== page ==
The latest casualty of the California drought: school sports. California cities have shut off the irrigation taps to sports fields, making them too dry and brittle for safe play, Ingfei Chen reports today in “California’s drought creates an unexpected casualty: sports.” The story is our first report with The Guardian as part of its new platform, “Vital Signs.”
“School and college sports are one of the latest casualties of a relentless drought that has left 95 percent of the state suffering severe to exceptional drought conditions,” reports Chen. “State and federal water projects have drastically cut supplies to agriculture, which typically consumes 80 percent of California’s water supply.”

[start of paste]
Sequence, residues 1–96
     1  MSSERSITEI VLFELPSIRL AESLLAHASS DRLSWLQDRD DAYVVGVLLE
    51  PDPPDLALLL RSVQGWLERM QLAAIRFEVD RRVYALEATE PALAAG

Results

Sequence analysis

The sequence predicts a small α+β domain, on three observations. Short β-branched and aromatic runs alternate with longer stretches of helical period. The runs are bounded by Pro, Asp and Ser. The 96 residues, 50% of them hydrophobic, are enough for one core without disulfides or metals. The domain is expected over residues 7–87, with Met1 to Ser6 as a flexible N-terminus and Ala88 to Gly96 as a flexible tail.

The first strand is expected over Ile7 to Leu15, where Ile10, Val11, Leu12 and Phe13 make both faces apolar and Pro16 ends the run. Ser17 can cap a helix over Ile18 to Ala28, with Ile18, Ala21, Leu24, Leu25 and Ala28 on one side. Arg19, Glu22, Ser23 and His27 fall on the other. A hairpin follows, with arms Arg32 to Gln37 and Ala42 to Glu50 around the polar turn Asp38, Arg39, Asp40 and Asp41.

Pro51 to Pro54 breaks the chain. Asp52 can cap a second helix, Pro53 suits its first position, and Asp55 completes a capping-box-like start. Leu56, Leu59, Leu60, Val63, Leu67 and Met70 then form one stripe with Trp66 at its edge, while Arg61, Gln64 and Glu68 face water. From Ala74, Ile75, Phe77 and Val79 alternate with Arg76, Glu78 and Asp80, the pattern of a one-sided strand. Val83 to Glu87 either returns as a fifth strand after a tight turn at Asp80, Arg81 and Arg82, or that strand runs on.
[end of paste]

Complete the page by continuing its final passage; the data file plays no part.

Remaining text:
Chen focuses in on Santa Cruz, which has responded more aggressively to the drought than most California cities because, isolated by a coastal mountain range, it gets all its water from a local reservoir and river that are running low. “The city declared a water shortage emergency in early 2014 and imposed mandatory restrictions in May that required all residents and businesses to cut overall consumption by 25 percent,” she reports.
In addition, the city water agency is requiring schools and city parks to limit themselves to just one-third of the water budget that their gardens, lawns or fields need. Hard turf creates a safety concern for players, who are more likely to suffer a concussion or shoulder or knee injuries if they are tackled or fall.
Some California cities and school districts have converted their irrigation systems to tap into a recycled water source, while others have put in artificial turf fields to save on maintenance and water costs. However, artificial turf is hotter to play on and needs careful cleaning to prevent infections from skin abrasions.
FERN’s stories on Vital Signs will be overseen by Editor-at-Large George Black.